Snake Season Has Started Early And They're Coming Inside For The Air Con!

Snake catchers run off their feet

Article heading image for Snake Season Has Started Early And They're Coming Inside For The Air Con!

Pics: Julia Baker, 1300 CATCH IT

Time to do a sweep of the yard and house, and make sure everything's as snake proof as possible 'cos Aussie snake catchers are telling us they're hectic at the moment.

"It's been NUTS!! The reason is because it's mating season so people are not just seeing one snake, they're seeing multiple", says 1300 CATCH IT's Julia Baker

The reptiles are struggling with the Eastern States' mini-Spring heatwave just as much as us, so they're going to pretty great lengths to cool off. 

"We're finding them in swimming pools really early. Normally, it's about January when you start getting people calling up and they've been swimming and next minute there's an Eastern Brown swimming next to them but we're actually getting that now already, which is quite unusual"


Julia says pool owners, especially, should be keeping an eye on their pools for colour changes and checking the skimmer boxes. 


"Actually, any kind of water source... they do need to drink, so if you've got any kind of ponds, or swimming pools, or even a water bowl for your dog outside could attract a snake or a lizard to come and get a drink" 

The worst bit, though, is that they're not even afraid of humans at the moment. 

"When it's mating season, there's little that you can do. They're so focused on finding that mate. If you've got a female snake on your property anywhere, she's going to lay down a scent and draw in the males. They really don't care if there's going to be humans around or pets around so this is the time of the year when they kind of lose their fear of humans" 

Okay, so what exactly can we do to avoid them? 

Hate to say it, but it's bad news... until at least the end of October, when mating season is likely to wrap up. 

"There's not a lot that you can do."

  1. Keep your garden neat and tidy - "Don't have anywhere for them to hide"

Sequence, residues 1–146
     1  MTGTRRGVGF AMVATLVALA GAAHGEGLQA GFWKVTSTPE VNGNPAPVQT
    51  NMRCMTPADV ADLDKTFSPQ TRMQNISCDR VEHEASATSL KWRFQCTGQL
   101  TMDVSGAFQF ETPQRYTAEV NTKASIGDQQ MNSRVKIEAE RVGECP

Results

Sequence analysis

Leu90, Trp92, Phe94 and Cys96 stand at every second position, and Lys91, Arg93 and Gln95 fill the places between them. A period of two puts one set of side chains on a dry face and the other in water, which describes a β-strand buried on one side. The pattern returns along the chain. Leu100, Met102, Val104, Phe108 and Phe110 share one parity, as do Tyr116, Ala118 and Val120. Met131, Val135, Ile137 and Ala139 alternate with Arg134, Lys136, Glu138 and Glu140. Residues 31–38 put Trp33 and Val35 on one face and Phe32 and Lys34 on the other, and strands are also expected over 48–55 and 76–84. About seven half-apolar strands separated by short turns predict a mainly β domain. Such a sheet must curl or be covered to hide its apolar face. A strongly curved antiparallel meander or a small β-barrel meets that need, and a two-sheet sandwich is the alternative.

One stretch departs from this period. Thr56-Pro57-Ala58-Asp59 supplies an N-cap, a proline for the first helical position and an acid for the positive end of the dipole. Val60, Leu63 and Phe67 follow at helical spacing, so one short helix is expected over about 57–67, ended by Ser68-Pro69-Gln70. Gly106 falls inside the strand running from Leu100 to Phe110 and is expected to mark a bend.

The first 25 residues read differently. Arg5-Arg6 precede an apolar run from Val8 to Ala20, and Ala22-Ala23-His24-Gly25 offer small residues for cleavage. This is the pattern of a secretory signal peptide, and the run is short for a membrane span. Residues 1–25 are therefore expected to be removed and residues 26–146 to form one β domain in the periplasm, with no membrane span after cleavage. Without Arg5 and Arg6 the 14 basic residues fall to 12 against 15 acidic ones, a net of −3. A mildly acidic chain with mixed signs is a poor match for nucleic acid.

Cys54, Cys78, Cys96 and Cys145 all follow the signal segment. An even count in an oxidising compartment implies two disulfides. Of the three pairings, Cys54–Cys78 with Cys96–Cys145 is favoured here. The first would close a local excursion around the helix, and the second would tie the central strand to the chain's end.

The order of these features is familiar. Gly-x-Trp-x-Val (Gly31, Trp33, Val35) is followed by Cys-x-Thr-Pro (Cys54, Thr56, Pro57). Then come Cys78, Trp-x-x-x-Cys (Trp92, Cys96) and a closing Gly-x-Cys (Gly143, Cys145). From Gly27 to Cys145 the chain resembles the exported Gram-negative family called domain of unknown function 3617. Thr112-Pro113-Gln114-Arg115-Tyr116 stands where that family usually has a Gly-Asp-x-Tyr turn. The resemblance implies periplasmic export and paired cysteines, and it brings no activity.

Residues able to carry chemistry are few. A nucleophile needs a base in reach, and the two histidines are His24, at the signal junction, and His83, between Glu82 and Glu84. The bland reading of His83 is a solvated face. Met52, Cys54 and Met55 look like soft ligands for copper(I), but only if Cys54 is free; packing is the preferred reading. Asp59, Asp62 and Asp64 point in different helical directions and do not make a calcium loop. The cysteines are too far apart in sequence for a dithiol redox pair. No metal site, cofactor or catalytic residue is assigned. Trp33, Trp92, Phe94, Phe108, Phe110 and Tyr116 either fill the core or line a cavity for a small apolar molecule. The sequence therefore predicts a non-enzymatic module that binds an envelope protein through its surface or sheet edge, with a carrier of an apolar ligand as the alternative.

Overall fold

2. If you're going outside, in long grass - "Wear your boots and wear jeans"
  3. Check for any gaps under your doors - "You'd be really surprised how small or how flat a snake can make itself. If you've got gaps, you can find things to block that off"
  4. Check for holes in your fly screens on windows now - "Check them now, get them fixed. It can be quite traumatic for people if they find a snake indoors" 
  5. Check your pool skimmer boxes and check the pool before you jump in - "It's really not unusual to find a snake in the water so maybe if you have something in the pool that they can climb onto, that would help, because they can drown"

Now, we're not going as far as to say you should suffer all Summer without the air con BUT Julia tells us it's something to consider - 

"If people are going to put their air conditioners on, then you're gonna get the snakes coming indoors just to get a bit of relief from the hot weather. They're often coming in simply because it's cooler indoor than what it is outside"

"I imagine that would be every residents' worst nightmare.. waking up with a snake next to them in bed.. but it can happen, so just be aware of that"

If you do spot one, the advice is simple. 

"Obviously don't approach it or make sudden movements. Don't try to scare it away cos that won't work.. if anything, they'll feel more threatened." 

"Back off, watch it, keep still and let them move through" 

"One thing we always encourage people to do... if you see a snake and you're worried about it, take a picture. Every single snake catcher I know will happily give you a free ID and tell you what is and that gives you a great peace of mind because you might have just seen a tree snake which disappears but then you walk about thinking 'ahh it could have been an Eastern Brown'"

"We don't want people worried. The majority of encounters are harmless snakes so we don't need people panicking."

Julia also offers free ID via Facebook



Claire Sherwood

27 September 2017

Article by:

Claire Sherwood

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